- First and foremost, building new connections and maintaining old ones is essential in getting consistent job opportunities. Therefore, whenever you deal with the client, try to stay in touch with him/her, as this might help you land another job opportunity in the future. Don’t hesitate to ask for recommendations and client’s acquaintances that might need a similar job done.
- Your best bet would be to become an outsourced freelancer for a big company. This will not only ensure that you are getting a fairly consistent stream of work and thus getting paid handsomely, but it also has a big impact on your overall portfolio. Since most clients in the future will gladly give precedence to you, provided that you have an experience of working in a big company, rather than to someone without one.
- When you garnered a fairly great experience and clientele, there is no real obstacle for you not to create your own site, promoting your abilities. This will help you to expand to an even bigger scale. Especially with a quality SEO and blog-writing you can further refine your portfolio and increase the flow of job opportunities coming your way. Not to mention that SEO services like LinksManagement will help you achieve desired SEO rankings with quality guest posting in no time.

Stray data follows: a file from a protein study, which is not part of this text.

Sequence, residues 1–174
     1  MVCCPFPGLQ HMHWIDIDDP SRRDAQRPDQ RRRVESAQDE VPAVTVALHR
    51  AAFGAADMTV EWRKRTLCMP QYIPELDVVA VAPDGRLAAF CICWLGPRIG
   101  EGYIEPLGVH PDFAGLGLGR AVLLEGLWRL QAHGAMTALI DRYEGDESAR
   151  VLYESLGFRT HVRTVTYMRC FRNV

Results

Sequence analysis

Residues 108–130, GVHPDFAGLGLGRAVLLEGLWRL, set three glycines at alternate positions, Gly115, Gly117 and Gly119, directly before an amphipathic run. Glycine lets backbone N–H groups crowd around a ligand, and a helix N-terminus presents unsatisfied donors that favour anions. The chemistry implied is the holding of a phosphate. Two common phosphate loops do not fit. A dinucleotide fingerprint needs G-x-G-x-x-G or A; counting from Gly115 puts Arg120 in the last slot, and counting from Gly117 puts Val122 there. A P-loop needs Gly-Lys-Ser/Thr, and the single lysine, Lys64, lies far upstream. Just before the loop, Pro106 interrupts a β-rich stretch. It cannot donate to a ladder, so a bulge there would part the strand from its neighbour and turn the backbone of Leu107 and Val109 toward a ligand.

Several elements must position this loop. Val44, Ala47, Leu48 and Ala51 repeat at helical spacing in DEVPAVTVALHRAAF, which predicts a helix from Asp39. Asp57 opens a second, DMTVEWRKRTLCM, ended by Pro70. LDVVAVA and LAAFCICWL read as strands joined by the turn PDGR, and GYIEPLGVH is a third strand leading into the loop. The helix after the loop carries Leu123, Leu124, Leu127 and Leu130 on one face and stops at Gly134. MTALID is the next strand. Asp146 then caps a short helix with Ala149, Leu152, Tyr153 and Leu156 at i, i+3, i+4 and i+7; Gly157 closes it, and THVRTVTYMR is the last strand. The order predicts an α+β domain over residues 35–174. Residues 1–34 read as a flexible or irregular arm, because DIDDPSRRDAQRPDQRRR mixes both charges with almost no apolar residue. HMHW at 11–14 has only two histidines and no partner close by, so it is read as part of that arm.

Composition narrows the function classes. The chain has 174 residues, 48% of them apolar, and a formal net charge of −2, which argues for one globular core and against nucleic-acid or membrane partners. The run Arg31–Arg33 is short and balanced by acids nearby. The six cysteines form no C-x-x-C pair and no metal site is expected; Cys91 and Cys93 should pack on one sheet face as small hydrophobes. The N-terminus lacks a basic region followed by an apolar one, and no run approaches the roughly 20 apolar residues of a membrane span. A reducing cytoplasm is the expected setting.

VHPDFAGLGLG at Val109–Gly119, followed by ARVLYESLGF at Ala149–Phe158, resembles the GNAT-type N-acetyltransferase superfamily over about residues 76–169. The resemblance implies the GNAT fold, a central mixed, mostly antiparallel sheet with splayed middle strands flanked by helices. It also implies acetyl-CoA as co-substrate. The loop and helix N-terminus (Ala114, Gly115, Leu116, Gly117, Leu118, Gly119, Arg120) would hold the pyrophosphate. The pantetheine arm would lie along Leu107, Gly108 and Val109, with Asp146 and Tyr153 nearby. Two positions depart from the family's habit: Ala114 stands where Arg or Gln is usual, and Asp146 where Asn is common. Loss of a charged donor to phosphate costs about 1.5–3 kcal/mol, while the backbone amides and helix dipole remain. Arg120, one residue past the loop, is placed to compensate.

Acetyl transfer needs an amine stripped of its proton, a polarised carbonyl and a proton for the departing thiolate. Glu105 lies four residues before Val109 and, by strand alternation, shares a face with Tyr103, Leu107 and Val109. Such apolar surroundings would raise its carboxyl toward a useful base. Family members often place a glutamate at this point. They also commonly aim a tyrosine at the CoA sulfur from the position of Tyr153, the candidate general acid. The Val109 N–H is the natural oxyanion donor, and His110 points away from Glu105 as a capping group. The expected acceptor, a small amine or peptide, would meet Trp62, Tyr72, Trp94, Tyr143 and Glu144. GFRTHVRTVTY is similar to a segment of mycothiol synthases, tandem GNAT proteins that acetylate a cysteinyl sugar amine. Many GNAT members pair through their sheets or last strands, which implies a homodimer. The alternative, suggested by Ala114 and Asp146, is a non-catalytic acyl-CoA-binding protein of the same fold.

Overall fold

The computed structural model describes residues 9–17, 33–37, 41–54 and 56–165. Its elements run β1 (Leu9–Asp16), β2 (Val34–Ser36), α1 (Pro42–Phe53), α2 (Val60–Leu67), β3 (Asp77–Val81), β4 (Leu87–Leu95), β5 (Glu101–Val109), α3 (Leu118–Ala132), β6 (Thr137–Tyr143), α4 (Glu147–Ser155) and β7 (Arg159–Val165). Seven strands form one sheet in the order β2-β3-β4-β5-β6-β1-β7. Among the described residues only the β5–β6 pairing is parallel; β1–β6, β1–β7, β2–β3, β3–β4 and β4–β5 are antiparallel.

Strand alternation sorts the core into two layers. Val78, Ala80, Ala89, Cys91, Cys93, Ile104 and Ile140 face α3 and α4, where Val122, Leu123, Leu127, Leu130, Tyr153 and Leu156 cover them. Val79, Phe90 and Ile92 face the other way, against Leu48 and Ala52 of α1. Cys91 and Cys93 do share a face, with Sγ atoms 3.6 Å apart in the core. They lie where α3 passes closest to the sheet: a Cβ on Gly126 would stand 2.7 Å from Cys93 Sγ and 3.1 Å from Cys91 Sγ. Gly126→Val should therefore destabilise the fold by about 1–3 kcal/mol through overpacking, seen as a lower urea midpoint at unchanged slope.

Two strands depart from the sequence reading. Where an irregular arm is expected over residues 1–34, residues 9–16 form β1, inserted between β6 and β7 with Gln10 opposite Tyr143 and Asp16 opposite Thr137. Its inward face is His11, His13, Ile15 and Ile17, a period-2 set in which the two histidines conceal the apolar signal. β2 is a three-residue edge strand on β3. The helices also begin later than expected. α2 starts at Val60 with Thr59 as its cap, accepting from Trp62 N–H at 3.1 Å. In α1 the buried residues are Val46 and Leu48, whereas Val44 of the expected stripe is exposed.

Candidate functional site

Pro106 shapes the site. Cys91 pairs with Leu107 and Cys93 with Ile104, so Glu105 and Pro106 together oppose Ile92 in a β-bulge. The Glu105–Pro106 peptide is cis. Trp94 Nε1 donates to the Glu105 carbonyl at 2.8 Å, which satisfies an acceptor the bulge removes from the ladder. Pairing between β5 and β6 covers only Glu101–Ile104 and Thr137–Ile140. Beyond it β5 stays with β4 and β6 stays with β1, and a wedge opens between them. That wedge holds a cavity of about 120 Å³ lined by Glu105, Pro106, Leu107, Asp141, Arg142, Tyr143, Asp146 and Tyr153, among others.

How to build a successful freelance web design business.
Invest 2 hours a day working on your own business. This approach includes branding, social media advertising and especially SEO work on your website and outside of your website such as link building.
When I first started, I ordered flyers, business cards, etc. Little I knew that I would never have to actually meet business owners in the face to be able to sell my freelance web design services!